“That certainly seems to be effective,” he said. “How do I refuel it?”
“You won’t need to,” Subee replied. “I’ve linked it to the main fire, so as long as that one is still going, you will have plenty of fire to fight with.”
“What about the wind and the rain?” Garrett asked. “Won’t those put the fire out?”
“No—my barriers will keep those out, too. All you have to do is keep the spirits from getting too close to the fire and putting it out. The cold they bring is a spiritual cold, and I can’t stop that with my barrier. Just be sure to stay inside the circle yourself—you’re safe in there from the spirits and the storm. But once you step outside, you’ll be vulnerable to both.”
“I’ll have to watch my footing, then.” Garrett said.
“See that you do—you won’t last long against either one of them.”
Subee moved off to the other side of the fire, and Garrett got to work with the staff, swinging it experimentally to see how he could control the volume of the flame.
As he did so, he noticed that he could hear the roaring of the fire behind but nothing else—the howling of the storm and the rattling of the house had disappeared. He stepped outside the circle just to be certain, and sure enough, the sound of the raging storm returned instantly. Garrett listened to the din outside for a moment, and he could feel the house around him shaking—he could tell it wouldn’t last much longer.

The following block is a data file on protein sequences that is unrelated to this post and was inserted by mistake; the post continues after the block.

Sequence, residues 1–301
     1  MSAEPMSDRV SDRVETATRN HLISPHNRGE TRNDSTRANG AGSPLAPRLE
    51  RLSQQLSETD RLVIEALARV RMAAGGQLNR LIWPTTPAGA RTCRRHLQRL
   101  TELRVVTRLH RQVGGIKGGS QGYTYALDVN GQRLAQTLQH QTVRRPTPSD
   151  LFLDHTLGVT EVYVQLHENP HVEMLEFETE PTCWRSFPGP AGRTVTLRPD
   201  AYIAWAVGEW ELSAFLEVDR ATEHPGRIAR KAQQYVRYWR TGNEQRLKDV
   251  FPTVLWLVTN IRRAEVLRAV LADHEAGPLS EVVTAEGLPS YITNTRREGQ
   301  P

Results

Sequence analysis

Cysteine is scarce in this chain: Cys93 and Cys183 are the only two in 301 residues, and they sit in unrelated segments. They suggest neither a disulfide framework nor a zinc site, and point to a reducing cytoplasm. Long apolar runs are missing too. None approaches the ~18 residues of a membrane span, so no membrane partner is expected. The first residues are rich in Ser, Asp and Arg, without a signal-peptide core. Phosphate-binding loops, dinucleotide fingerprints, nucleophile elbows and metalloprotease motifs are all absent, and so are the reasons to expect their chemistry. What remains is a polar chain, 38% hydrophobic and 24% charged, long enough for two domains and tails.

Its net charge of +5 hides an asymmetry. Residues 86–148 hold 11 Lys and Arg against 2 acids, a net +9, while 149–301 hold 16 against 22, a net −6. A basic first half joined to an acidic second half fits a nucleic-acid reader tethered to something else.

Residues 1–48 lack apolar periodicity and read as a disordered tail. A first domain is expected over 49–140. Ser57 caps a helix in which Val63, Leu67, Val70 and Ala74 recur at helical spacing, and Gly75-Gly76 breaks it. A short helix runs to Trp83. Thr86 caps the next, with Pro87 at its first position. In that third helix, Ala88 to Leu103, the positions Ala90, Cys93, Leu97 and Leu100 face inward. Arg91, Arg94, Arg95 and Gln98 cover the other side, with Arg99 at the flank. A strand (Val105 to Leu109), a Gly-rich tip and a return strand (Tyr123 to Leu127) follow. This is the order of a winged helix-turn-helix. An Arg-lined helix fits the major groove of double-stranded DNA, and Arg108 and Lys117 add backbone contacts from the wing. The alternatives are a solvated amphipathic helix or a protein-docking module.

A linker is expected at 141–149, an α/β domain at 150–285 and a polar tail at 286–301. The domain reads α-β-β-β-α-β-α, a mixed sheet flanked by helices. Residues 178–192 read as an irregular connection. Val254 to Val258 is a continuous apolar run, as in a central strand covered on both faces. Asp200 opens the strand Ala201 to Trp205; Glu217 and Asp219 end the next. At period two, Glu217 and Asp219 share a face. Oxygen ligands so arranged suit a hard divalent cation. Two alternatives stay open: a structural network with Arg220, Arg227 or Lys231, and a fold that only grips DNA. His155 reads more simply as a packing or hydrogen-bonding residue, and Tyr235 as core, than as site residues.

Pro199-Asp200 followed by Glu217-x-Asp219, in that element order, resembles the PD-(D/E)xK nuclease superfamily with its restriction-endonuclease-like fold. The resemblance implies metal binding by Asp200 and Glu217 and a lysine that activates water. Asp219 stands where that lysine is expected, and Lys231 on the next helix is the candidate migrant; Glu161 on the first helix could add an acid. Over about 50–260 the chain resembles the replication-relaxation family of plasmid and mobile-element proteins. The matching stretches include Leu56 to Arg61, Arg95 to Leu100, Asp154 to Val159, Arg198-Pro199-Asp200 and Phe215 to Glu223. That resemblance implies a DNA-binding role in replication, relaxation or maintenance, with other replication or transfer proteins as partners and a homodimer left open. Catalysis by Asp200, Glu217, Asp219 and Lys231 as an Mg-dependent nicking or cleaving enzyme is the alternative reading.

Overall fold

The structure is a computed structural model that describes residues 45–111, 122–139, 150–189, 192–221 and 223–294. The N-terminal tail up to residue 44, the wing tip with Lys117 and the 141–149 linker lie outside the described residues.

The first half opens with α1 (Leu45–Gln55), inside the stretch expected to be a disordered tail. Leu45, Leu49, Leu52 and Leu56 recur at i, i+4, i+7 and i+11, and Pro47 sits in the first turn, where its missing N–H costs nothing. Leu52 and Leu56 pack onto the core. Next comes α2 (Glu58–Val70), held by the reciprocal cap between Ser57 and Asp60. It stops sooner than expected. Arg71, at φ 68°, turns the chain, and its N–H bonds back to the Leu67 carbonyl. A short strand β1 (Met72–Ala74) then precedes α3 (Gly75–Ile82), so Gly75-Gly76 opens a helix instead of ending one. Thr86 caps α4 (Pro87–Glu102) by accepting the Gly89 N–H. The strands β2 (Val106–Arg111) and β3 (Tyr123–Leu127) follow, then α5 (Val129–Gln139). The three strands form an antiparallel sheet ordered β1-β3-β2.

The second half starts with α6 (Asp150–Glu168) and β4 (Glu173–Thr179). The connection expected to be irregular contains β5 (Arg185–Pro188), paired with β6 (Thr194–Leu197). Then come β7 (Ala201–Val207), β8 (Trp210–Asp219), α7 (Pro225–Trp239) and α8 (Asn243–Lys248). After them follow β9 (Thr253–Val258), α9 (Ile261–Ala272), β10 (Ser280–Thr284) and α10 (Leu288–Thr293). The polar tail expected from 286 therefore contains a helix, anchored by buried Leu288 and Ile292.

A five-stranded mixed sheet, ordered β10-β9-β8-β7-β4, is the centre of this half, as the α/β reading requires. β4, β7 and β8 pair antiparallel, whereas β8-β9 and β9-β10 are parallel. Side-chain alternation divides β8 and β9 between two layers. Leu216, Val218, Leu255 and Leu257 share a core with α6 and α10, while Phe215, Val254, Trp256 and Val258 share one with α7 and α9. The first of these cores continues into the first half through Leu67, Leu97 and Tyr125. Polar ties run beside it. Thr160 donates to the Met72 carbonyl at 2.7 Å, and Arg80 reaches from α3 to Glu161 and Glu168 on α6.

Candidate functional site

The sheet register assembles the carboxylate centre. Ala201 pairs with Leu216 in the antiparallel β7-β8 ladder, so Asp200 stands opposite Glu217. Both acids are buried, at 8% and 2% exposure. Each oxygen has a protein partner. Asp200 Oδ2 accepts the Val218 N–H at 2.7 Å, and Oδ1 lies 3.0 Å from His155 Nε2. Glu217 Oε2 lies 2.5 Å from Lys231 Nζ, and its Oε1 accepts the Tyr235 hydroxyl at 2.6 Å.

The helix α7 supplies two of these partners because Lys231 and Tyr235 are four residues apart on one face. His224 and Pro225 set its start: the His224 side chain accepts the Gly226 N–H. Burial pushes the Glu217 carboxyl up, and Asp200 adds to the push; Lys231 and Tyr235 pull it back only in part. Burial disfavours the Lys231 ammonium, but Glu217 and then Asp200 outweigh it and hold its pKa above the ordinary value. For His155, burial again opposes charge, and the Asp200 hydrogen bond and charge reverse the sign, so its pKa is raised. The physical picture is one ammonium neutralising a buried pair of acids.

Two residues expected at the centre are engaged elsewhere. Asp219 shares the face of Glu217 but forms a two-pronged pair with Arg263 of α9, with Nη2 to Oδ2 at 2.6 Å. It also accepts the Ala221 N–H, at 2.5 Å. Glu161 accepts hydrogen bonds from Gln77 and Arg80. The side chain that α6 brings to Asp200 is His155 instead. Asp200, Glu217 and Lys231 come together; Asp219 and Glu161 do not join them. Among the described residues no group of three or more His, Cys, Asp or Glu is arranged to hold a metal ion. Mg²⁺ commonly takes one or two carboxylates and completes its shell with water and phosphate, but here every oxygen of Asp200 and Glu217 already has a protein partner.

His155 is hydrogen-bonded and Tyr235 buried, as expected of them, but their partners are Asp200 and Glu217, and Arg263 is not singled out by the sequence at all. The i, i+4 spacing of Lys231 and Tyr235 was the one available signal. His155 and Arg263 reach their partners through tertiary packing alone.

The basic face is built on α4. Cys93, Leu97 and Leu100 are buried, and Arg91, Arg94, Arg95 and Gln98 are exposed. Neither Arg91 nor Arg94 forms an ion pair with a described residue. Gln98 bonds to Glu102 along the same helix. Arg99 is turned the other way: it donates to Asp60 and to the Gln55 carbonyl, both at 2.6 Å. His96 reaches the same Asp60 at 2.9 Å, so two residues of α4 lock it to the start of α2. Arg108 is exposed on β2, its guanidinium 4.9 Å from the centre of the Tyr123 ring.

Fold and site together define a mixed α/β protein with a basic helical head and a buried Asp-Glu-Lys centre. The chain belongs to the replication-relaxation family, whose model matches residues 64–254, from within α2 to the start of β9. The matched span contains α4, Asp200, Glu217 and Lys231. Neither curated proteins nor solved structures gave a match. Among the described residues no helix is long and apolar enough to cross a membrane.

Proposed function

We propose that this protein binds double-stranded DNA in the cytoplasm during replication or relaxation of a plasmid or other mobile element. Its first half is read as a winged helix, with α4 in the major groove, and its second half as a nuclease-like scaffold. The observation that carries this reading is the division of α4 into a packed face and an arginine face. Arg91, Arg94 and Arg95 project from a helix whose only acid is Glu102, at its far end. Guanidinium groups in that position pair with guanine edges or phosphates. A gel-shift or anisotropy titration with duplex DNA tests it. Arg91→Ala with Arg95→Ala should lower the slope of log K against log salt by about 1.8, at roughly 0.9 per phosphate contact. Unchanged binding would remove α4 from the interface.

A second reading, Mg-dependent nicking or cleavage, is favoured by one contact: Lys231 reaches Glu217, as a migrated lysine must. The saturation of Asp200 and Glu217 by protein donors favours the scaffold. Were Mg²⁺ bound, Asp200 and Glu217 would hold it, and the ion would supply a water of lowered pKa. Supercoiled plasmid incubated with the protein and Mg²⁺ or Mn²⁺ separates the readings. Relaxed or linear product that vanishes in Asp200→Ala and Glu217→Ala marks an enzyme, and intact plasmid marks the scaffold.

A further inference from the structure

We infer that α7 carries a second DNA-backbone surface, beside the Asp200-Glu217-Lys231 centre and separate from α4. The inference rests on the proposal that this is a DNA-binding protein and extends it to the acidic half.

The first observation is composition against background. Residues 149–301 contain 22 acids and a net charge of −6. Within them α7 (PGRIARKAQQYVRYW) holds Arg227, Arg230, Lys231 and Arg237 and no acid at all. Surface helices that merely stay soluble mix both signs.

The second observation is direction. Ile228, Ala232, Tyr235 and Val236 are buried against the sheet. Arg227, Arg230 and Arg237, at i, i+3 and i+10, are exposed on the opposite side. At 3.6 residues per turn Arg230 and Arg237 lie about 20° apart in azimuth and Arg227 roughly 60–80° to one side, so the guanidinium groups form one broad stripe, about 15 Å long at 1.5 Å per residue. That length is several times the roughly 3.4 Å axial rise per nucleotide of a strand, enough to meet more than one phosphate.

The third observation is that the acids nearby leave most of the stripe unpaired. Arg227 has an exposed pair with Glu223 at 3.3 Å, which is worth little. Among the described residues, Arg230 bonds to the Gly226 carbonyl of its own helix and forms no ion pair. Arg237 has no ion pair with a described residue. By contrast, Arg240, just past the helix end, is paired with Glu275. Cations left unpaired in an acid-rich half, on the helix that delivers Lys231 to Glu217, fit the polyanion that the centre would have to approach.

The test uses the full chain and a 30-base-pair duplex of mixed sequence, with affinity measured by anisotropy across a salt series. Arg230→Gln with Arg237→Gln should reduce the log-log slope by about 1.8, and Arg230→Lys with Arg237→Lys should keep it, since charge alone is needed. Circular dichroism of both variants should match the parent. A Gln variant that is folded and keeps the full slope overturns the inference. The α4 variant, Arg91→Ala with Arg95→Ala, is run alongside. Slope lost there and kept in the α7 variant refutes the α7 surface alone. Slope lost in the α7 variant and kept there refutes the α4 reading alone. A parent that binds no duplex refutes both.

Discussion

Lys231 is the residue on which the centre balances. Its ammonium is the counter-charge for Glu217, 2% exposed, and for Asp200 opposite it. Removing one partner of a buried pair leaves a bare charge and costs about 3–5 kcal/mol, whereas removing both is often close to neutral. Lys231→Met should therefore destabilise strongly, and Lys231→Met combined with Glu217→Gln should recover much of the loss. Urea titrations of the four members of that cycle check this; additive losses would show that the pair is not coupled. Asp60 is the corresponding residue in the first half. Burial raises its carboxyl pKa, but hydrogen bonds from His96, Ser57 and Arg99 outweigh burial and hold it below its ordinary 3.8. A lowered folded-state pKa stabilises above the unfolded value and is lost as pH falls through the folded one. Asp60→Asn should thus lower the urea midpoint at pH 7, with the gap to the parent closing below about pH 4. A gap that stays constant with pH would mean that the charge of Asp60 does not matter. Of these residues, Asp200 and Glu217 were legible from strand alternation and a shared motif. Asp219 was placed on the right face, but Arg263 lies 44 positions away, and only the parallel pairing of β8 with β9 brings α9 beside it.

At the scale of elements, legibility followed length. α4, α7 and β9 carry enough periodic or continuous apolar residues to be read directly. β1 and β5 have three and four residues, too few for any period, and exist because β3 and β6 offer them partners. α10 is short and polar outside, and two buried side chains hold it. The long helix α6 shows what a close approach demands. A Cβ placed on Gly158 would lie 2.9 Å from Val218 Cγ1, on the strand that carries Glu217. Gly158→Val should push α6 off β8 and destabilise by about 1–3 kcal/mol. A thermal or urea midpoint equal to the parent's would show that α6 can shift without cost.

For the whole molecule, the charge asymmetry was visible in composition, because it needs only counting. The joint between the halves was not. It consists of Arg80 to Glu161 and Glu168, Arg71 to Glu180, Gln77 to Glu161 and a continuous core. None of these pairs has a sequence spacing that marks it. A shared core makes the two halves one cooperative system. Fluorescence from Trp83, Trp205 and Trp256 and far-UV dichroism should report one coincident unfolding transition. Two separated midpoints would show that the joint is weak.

He stepped back into the circle carefully, and he was enveloped again by relative calm—the only sound he could hear was the fire behind him.
And he could no longer feel the shaking of the house at all.
Soon Subee reappeared by his side. Her face was drawn and pale, and she was clutching her own fire staff tightly.
“They’re here now,” she said. “The first thing they’ll do is tear the house apart. Then they’ll attack. You probably won’t be able to see the spirits, so don’t let that bother you. But you will be able to feel them. Concentrate the fire anywhere you feel cold. And keep moving around the circumference of the fire—protect it on all sides as best you can. And if you can’t feel the cold—just keep moving around and around and keep your flame blazing as high as you can.”
Garrett looked at her closely. “Are you sure you want to do this?”
“I have to,” she said.
A moment later, there was a distant cracking sound, followed by the barest hint of a breeze.
Subee gripped her staff even more tightly and glanced sharply out beyond the ring of fire in which they stood.
Garrett followed her gaze, but he could see little beyond the ring itself—the air around him had taken on a hazy golden glow, and the room beyond was little more than a dark blur.
“Stay inside the circle,” Subee said. “You’ll be safe in here. Don’t come out no matter what you think you see or hear.”
She stepped outside the circle and was lost to his sight.
*You can read Part 4 here.*
*You can read Part 4 here.*